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Having more time is a dream of most small business owners

August 6, 2014

Guest blogger Heather Chiu, CEO of Haltere Corporation, shares tips on finding more time for sales by delegating administrative tasks.

Become more efficient in your small business by eliminating tasks that can help you gain more time.

Take a moment to think about what time means to you. Waiting in line isn’t as pleasant as being at the front of it. Being late or early is a bummer over being on time. We long for the past. We aim for the future. When things go wrong, it is the time we wasted that makes it so hard to swallow. When a loved one passes, it is the time we missed that hurts so much. Time is money. Time is each and every person’s treasure. So why do you waste it?

Entrepreneurs and small business leaders tend to pinch pennies. I remember hand washing cars when I owned my construction company to save on costs. In addition to that, I filed my own paperwork, cleaned the office and did whatever it took to keep things running. It’s important to have a solid small business financial plan in place, but the unexpected does happen. Doing all of the above is simply what you do when you are just beginning to grow, right?

The thing is, and I need you to really read this:

You are more valuable selling and upgrading your product than you are doing grunt work.

You chose your profession because you enjoy doing it and are good at it. How would your business benefit if you put five hours each week into selling instead of administrative duties? Imagine what you could do with an hour each week upgrading your product or service instead of cleaning the office or your home. Consider the impact of getting things done in a 40 hour week instead of a 60 hour week on your family or social life. Imagine the extra sleep.

Time is of the essence. Instead of measuring by dollars, measure by time and see how it impacts your decisions. The most obvious example of streamlining processes so that you run an efficient small business, isn’t the only way to gain more time. You might hire a janitor at the office or a cleaning lady at home. Some find that an assistant to make appointments, file or otherwise is the best investment. Others figure out that door-to-door dry cleaning and online groceries add value to their weeks. Whatever it is, as you delegate these tasks, you learn not only how to value time, but how to manage yourself and your team and how precious time truly is.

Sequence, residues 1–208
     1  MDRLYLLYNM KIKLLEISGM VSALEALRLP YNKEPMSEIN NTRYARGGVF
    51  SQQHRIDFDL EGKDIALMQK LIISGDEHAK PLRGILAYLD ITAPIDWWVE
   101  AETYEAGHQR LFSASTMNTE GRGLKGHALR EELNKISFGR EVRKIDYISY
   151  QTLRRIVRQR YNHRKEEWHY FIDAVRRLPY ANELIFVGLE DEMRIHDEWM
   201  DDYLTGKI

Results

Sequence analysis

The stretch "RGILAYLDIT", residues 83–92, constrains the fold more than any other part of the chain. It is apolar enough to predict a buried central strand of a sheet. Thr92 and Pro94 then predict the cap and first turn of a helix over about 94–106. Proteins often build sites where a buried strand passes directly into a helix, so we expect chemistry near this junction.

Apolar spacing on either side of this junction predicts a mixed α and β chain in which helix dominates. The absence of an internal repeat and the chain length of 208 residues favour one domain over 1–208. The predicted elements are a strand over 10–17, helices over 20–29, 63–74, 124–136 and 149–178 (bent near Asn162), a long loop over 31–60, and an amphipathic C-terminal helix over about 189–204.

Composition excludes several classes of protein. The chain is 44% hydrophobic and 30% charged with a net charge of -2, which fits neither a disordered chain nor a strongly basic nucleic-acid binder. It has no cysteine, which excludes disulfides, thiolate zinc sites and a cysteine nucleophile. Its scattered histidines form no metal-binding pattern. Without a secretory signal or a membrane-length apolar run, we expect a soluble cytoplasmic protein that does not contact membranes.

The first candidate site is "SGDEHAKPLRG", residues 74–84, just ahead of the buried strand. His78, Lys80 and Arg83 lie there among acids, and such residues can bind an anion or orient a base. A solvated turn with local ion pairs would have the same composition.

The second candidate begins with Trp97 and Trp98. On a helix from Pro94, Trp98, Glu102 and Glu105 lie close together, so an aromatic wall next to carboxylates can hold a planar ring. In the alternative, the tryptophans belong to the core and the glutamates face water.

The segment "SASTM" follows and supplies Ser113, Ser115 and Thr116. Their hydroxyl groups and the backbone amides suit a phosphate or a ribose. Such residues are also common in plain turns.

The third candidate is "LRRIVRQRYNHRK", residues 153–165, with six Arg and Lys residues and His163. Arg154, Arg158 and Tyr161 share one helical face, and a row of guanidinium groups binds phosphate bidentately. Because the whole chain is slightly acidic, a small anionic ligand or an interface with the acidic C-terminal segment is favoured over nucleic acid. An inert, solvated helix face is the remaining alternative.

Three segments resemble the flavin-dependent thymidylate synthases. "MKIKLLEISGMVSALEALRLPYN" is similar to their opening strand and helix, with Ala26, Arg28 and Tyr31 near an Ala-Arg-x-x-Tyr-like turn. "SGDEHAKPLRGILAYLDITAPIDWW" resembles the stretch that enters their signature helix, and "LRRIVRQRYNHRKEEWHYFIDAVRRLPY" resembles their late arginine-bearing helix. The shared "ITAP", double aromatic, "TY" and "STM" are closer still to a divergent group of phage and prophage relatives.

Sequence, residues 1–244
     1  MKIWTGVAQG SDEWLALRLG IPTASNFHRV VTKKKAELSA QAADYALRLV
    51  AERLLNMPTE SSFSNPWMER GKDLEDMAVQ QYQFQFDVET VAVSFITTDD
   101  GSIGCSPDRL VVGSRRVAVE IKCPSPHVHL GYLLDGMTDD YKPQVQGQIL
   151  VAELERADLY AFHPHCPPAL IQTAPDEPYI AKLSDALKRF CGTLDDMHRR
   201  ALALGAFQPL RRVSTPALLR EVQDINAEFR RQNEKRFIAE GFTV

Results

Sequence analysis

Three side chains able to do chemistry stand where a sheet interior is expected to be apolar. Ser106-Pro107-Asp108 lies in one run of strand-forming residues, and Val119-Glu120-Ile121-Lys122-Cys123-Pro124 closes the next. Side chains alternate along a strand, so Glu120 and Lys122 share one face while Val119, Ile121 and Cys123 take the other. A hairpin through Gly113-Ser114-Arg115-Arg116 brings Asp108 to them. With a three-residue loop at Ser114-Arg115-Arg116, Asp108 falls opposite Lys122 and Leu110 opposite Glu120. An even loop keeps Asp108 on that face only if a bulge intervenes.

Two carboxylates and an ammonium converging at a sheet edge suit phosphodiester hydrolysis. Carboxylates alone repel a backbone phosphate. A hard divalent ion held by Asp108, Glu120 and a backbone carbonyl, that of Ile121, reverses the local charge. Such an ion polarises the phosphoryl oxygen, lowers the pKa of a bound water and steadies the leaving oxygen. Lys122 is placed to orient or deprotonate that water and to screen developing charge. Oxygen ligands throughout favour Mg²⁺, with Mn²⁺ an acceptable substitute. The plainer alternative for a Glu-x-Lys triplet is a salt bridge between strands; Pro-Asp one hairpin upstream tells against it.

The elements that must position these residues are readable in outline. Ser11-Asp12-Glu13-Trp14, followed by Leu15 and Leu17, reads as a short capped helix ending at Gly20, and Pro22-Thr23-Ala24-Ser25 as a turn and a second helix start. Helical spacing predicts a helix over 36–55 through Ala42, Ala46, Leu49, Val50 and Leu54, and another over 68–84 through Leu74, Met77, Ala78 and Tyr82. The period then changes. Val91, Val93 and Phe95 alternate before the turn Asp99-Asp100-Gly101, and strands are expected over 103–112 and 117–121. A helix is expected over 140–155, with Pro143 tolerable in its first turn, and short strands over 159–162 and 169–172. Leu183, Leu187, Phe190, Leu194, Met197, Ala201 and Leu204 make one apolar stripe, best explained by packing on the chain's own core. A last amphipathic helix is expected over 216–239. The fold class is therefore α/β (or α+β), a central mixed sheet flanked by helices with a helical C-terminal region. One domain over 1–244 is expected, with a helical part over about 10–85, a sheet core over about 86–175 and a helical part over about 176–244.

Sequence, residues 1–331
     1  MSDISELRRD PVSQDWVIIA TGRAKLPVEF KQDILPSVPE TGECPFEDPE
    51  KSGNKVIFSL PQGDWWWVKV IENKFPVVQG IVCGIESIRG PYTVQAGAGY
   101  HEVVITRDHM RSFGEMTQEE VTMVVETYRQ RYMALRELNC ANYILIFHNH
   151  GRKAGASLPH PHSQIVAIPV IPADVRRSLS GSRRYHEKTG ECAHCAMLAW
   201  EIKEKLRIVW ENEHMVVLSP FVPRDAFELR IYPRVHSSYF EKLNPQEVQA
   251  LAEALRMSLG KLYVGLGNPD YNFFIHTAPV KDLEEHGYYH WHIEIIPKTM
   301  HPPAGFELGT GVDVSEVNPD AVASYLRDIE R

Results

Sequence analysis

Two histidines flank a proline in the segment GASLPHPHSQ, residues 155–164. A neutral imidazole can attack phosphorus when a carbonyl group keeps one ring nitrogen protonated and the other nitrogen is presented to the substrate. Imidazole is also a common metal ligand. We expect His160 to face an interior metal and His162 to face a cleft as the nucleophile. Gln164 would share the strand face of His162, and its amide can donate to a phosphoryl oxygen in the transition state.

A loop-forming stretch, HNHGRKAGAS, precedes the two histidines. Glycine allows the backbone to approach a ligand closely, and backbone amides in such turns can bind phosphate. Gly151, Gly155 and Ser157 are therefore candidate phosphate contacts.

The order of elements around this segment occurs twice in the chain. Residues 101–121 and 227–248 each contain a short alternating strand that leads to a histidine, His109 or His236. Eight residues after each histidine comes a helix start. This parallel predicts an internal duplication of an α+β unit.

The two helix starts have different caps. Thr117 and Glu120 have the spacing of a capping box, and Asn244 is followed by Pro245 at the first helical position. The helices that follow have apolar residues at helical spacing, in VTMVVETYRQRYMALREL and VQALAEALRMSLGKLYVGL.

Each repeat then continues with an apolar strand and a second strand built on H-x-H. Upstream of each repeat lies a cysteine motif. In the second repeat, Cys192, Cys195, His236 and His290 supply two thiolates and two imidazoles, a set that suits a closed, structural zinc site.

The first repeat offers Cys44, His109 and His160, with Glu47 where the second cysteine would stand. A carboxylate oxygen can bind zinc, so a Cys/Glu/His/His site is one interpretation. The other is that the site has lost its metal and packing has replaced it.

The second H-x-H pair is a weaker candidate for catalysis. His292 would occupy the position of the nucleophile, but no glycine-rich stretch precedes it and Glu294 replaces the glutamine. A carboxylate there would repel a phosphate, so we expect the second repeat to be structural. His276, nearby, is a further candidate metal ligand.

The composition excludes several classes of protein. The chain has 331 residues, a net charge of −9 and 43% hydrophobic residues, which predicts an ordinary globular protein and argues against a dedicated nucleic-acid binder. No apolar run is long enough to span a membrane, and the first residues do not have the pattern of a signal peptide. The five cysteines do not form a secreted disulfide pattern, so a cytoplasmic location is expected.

But how do you ultimately make the decision?

  1. To start, I like to consider what I believe is a reasonable hourly wage for my work. You can calculate this either from past sales or your present salary or even past salary if you are still too new to know. Base it upon an ideal 40 hour work week.
  2. After you have this sorted out, figure out how many hours you work to pay for your basic living needs like your home, utilities, groceries, gas, savings, retirement etc. If you are like most households, it should land pretty close to 2/3 of your income. Considering that, the average person has approximately 13 hours of disposable time.
  3. Then look at the cost of finding others to do miscellaneous tasks. If I make $50/hr and a janitor costs $30, I may be only make $20 for my usual work. That is more than the $50 I was losing in doing it myself, and it will increase my productivity over time towards more profitable ventures. However, an easier way to look at it is: you spend about 40 minutes of work to hire this person and you gain 20 extra minutes. If you are considering an assistant, you might think a little differently. Burdened, an assistant may cost the amount you make each hour which could cut into your own income. But would you be able to increase your personal value to the business (and therefore your own hourly rate would increase)? Perhaps having a few extra hours each day would allow you to land more contracts or sell more products – enhancing your growth.
  4. Finally, figure out how long it would take you to make up for the cost of this help. Sometimes building a plan and getting a loan allows you to hire sooner than you anticipated. Then you can build your dreams faster!

Knowing the life of the upgrade is essential to evaluating its time-cost added value. $1000 for software that is outdated in two years may or may not be the right choice at this time. If it increases the productivity of your team by 20%, how long would it take for it to pay itself off?

This strategy also works with how you spend money. Instead of the movie tickets for your family costing $50, you can think of it as an hour of your work for two hours of entertainment for your family. Visualizing a new car as costing fifteen hours a month (which is greater than your average 13 hour allowance) instead of $750 in payments changes your visceral feelings about the expense. See how that works?

Everything comes down to the business owner’s value of time. Once you begin to evaluate decisions on time, things fall into place more logically and you manifest the dream of spending your time exactly how you choose.

Heather Chiu is the Executive Director of Transpire Foundation (https://www.transpirefoundation.org/)and CEO of Haltere Corporation. At 19 she started a construction company to help pay for her degree at the University of California, San Diego and grew it into a $3.5 million business over 6 years. She now consults with start-ups, small to mid-size business, and management professionals in organizational strategy, efficiency and workplace training. Her charity teaches under served populations job and life skills ranging from how to work with difficult personalities to how to manage a credit score. Her international business is based out of California.